20

This is my code:

use std::net;
use std::thread;

fn scan_port(host: &str, port: u16) -> bool {
    let host = host.to_string();
    let port = port;
    let t = thread::spawn(move || net::TcpStream::connect((host.as_str(), port)).is_ok());

    t.join().unwrap()
}

How do I create a situation where the thread will be terminated or killed if the connection didn't finish in N seconds?

The reason for all of this is that Rust has no way to set a socket connection timeout so I have no way to ensure the program won't get stuck.

6
  • 3
    It would probably be better if your sample code was more minimal, showing only the problem at hand instead of a page of command line argument parsing and option fiddling. Mar 23, 2016 at 15:09
  • Terminating or killing a thread was a bad idea in the languages that added it. Rust won't be adding it.
    – Shepmaster
    Mar 23, 2016 at 15:13
  • @Ba7a7chy: I think @MikeCooper meant an MCVE, meaning something that doesn't even relate to tcp. Just a thread that does loop {} and your attempts at killing it.
    – oli_obk
    Mar 23, 2016 at 15:21
  • 1
    @ker I have some hopes that maybe someone would see this example in Rust and will say "oh, you can't set timeout but you can do x" so I'll leave the specific tcp socket example in the hope of this will come true :)
    – Ba7a7chy
    Mar 23, 2016 at 15:28
  • oh right, that makes sense. Still, the argparse crate import is not necessary
    – oli_obk
    Mar 23, 2016 at 15:31

2 Answers 2

13

As @Shepmaster noted: it's a bad idea to terminate threads.

What you can do instead is to give the thread a Sender through which it should notify you if it has successfully opened a connection (maybe even by sending you the handle). Then you can let your main thread sleep for the time you wish to wait. When your thread wakes up, it checks its corresponding Receiver for some sign of life from the thread. In case the thread did not answer, just release it into the wild by dropping the JoinHandle and the Receiver. It's not like it's consuming cpu-time (it's blocked), and it's not consuming too much memory. If it ever unblocks, it'll detect that the Sender is not connected and can shut down for good.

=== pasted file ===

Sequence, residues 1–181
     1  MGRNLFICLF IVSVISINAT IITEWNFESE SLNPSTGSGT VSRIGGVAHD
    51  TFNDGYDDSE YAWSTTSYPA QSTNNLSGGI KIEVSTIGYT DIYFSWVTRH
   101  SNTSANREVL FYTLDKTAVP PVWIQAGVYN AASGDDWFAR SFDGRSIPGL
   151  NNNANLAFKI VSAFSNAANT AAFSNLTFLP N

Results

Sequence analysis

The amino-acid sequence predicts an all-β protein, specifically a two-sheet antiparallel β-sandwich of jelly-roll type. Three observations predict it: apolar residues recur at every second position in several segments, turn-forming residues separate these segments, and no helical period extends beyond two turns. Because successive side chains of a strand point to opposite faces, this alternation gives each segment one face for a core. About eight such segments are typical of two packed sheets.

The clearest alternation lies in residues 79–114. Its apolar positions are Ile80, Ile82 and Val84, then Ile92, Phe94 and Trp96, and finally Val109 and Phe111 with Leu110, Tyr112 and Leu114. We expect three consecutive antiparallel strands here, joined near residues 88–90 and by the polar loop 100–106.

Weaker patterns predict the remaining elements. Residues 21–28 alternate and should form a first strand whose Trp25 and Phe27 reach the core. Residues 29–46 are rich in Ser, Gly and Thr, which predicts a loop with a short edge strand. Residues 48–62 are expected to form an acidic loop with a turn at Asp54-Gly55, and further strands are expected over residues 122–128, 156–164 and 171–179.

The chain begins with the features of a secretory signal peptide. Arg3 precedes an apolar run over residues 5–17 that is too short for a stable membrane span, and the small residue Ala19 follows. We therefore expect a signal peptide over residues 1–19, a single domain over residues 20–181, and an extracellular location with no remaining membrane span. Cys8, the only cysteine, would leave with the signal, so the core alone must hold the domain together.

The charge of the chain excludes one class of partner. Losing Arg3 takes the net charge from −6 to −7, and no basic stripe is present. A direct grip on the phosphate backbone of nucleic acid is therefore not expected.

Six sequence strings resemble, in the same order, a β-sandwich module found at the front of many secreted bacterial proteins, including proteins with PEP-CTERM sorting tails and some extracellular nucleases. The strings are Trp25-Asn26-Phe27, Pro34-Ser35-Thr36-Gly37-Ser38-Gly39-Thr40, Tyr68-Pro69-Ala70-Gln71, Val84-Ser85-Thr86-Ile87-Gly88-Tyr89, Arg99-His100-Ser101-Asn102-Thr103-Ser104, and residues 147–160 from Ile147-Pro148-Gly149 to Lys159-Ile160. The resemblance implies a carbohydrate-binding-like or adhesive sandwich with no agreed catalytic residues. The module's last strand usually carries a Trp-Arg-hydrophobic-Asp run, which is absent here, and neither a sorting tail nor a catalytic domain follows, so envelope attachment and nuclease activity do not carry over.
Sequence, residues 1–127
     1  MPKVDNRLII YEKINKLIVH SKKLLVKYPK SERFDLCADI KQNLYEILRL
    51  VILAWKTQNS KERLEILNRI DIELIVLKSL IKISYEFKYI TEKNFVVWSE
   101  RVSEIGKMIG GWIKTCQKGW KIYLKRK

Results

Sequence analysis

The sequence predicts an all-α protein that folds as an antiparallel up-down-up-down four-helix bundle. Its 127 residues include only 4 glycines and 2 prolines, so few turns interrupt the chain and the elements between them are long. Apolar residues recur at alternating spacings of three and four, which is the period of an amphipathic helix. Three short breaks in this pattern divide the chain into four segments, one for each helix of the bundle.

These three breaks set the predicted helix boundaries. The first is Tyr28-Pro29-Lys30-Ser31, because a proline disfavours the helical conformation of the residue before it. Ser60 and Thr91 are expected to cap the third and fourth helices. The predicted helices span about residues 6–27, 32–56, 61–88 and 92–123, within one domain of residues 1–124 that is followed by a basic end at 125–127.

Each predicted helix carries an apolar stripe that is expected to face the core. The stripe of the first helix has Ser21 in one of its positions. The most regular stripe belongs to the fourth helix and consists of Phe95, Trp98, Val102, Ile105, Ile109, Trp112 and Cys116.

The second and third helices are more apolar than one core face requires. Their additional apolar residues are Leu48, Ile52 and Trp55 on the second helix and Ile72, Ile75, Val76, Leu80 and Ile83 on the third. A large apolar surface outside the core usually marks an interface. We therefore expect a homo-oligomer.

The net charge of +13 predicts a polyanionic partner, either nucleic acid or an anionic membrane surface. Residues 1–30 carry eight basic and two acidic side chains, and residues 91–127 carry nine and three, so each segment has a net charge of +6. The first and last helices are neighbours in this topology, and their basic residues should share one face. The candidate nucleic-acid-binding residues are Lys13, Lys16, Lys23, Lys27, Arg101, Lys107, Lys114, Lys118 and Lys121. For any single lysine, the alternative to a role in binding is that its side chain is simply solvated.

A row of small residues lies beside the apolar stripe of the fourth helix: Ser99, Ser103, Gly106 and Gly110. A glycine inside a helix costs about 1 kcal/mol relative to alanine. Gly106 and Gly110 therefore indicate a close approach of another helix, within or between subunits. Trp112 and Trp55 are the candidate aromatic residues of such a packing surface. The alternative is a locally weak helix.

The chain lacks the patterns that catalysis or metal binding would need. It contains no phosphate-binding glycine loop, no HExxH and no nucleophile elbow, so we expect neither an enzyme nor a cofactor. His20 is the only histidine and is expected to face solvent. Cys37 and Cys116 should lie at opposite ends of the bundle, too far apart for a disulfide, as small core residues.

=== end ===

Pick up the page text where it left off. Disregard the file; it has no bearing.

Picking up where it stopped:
Of course you should not have bazillions of these open threads, because they still use resources (memory and system thread handles), but on a normal system that's not too much of an issue.

Example:

use std::net;
use std::thread;
use std::sync::mpsc;

fn scan_port(host: &str, port: u16) -> bool {
    let host = host.to_string();
    let port = port;
    let (sender, receiver) = mpsc::channel();
    let t = thread::spawn(move || {
        match sender.send(net::TcpStream::connect((host.as_str(), port))) {
            Ok(()) => {}, // everything good
            Err(_) => {}, // we have been released, don't panic
        }
    });

    thread::sleep(std::time::Duration::new(5, 0));

    match receiver.try_recv() {
        Ok(Ok(handle)) => true, // we have a connection
        Ok(Err(_)) => false, // connecting failed
        Err(mpsc::TryRecvError::Empty) => {
            drop(receiver);
            drop(t);
            // connecting took more than 5 seconds
            false
        },
        Err(mpsc::TryRecvError::Disconnected) => unreachable!(),
    }
}
2
  • I tried that now, it seems that Receiver blocks until it gets an answer, if that is really the case I'm in the same place when using Send\Receive
    – Ba7a7chy
    Mar 23, 2016 at 15:43
  • 2
    I updated with some code. You need to use try_recv, which is the non-blocking receiving method
    – oli_obk
    Mar 23, 2016 at 15:46
7

The answer by @ker will always wait 5 seconds, even if the connection finishes more quickly. Here is a similar approach where the timeout and network request both happen on separate threads, and the first one finished wins:

let (sender, receiver) = mpsc::channel();
let tsender = sender.clone();
let t = thread::spawn(move || {
    match sender.send(Ok(net::TcpStream::connect((host.as_str(), port)))) {
        Ok(()) => {}, // everything good
        Err(_) => {}, // we have been released, don't panic
    }
});
let timer = thread::spawn(move || {
  thread::sleep(Duration::from_millis(5000));
  match tsender.send(Err(MyTimeoutError)) {
    Ok(()) => {}, // oops, we timed out
    Err(_) => {}, // great, the request finished already
  }
});
return receiver.recv().unwrap();

But as long as you're doing that, you might as well just use recv_timeout instead:

let (sender, receiver) = mpsc::channel();
let t = thread::spawn(move || {
    match sender.send(net::TcpStream::connect((host.as_str(), port))) {
        Ok(()) => {}, // everything good
        Err(_) => {}, // we have been released, don't panic
    }
});
return receiver.recv_timeout(Duration::from_millis(5000));

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